I have never jumped off a diving board. EVER. I took swimming lessons as a child, but I was not a big fan of swimming in the deep end at all. At some point in time, I heard a story about a kid who jumped off a diving board, landed the wrong way, and broke his neck. That pretty much sealed the deal for me.
I am…risk averse. If I have time to weigh and measure the odds, I will do so. If not, I will lean towards the safe route, the path that requires the least amount of risk. For me to write about courage is not natural. I have done some things that take courage. I left home at age 17 to attend college 6 hours away. Most of my extended family still lived in Des Moines. I tried out for a popular ministry team that took only 12 members (a number of whom were returning). Last week, I wrote about how I moved to a small town where I knew three people. I have led worship for hundreds of people, spoken in public enough to overcome my fear of it, and have continued to do those things even after some intense failure at doing so. I think it takes more courage to stand up after falling down and to try again.
The Merriam-Webster Dictionary defines courage as “mental or moral strength to venture, persevere, and withstand danger, fear, or difficulty.” It defines brave as “having or showing courage,” so I will use these words interchangeably.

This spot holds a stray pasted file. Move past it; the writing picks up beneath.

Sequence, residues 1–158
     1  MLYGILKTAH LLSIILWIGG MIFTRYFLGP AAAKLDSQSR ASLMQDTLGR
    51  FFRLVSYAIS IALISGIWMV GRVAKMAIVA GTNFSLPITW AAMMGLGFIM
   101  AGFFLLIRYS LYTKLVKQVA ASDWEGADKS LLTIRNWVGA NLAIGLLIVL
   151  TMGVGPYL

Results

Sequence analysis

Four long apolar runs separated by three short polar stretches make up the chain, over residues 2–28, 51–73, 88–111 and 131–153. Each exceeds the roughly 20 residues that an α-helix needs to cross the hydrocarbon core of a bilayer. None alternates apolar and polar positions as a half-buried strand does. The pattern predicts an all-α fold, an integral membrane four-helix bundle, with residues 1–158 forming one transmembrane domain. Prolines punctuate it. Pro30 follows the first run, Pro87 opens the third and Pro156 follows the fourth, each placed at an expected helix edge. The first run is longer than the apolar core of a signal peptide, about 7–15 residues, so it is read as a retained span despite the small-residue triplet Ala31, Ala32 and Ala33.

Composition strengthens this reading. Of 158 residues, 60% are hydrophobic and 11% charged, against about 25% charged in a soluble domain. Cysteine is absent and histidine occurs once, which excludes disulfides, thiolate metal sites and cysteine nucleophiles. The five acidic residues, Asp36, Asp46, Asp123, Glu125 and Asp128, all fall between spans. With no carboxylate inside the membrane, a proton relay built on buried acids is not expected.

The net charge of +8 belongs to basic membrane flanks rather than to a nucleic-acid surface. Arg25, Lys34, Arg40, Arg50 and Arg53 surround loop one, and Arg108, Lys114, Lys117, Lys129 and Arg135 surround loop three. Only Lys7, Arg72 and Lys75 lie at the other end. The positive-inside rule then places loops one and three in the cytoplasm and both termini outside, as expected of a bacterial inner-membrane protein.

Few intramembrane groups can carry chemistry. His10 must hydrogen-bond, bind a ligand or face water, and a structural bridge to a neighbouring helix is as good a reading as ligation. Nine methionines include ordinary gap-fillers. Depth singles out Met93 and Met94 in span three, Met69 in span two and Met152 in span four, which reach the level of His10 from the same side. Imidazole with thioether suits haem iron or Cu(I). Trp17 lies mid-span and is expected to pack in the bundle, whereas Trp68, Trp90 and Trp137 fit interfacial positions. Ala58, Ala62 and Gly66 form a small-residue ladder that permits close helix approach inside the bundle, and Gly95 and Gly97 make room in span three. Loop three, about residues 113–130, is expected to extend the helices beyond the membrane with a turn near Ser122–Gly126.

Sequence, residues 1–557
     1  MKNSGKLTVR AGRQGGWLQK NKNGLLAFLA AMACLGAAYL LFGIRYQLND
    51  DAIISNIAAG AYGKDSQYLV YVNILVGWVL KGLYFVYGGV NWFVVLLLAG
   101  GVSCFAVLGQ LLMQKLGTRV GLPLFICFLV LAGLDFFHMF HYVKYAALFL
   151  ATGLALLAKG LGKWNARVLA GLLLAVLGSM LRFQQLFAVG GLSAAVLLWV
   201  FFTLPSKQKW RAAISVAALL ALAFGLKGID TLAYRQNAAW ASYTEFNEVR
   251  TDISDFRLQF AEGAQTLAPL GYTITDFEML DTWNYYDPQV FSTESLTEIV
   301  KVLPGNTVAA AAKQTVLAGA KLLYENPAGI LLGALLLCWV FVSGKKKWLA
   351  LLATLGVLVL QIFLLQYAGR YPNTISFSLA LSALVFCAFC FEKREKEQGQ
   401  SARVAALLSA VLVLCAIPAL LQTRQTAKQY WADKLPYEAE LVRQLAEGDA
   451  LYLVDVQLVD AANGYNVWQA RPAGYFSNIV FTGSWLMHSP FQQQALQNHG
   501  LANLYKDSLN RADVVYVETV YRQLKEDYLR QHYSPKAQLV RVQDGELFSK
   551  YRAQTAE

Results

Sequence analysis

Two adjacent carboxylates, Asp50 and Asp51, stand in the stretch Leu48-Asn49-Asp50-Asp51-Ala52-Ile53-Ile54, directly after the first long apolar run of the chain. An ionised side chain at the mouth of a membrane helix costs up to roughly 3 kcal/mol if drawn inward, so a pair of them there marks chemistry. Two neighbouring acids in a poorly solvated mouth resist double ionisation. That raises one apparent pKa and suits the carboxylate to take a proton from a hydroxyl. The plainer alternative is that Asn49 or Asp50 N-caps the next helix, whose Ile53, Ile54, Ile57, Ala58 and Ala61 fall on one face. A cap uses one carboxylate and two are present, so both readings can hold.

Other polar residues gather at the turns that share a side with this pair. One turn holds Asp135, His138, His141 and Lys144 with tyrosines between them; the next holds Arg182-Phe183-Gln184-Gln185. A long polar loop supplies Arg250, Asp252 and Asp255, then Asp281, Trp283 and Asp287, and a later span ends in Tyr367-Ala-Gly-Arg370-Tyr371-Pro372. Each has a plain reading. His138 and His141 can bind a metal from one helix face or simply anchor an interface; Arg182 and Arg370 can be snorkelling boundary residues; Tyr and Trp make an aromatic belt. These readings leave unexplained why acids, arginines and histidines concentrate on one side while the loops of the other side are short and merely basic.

I have so many friends who have exhibited enormous levels of courage through their life circumstances. I previously wrote about my friend Maggie who faced breast cancer with such peace and joy and now lives with Jesus. Another friend survived breast cancer and gave birth to a precious boy despite all the odds against her. Two very dear friends have experienced the deepest pain and betrayal in marriage and emerged on the other side with the story of God’s great grace.
I can go on and on. The pain of this life has at times completely taken my breath away. How do I find the courage to get out of bed in the morning, to live life and continue to function, to find ways to deal with the pain so it is no longer debilitating? How do you? You have certainly faced danger, fear, or difficulty. How did you move on from it? DID you move on from it? Are you still stuck in the fear, slave to the difficulty that you cannot get out of your mind? What situation has so captured your mind that you cannot see through the mess?
You are not alone. It takes great courage to face the difficulty and decide that it will not rule your life. Maybe your difficulty right now is not cancer or death or betrayal. Maybe your difficulty is deep loneliness. Your difficulty could be a loveless, lifeless marriage. These may not be obvious to others on the surface, but it requires great courage to face loneliness and rise above it. It takes incredible courage to be the wife or husband who chooses to invest and inject life into a marriage that feels like it is dead.
I will spend the next few posts on the subject of courage. I can think of a couple of areas in my life in which I need more courage. I need to make the choice to be present, to enter in and face the situation instead of hiding behind a phone or a book or a computer screen. I would love for you to join me if you need a little courage, too. Or even a lot.
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2 Corinthians 4:6-9 (ESV) “So we are always of good courage. We know that while we are at home in the body we are away from the Lord, for we walk by faith, not by sight. Yes, we are of good courage, and we would rather be away from the body and at home with the Lord. So whether we are at home or away, we make it our aim to please Him.”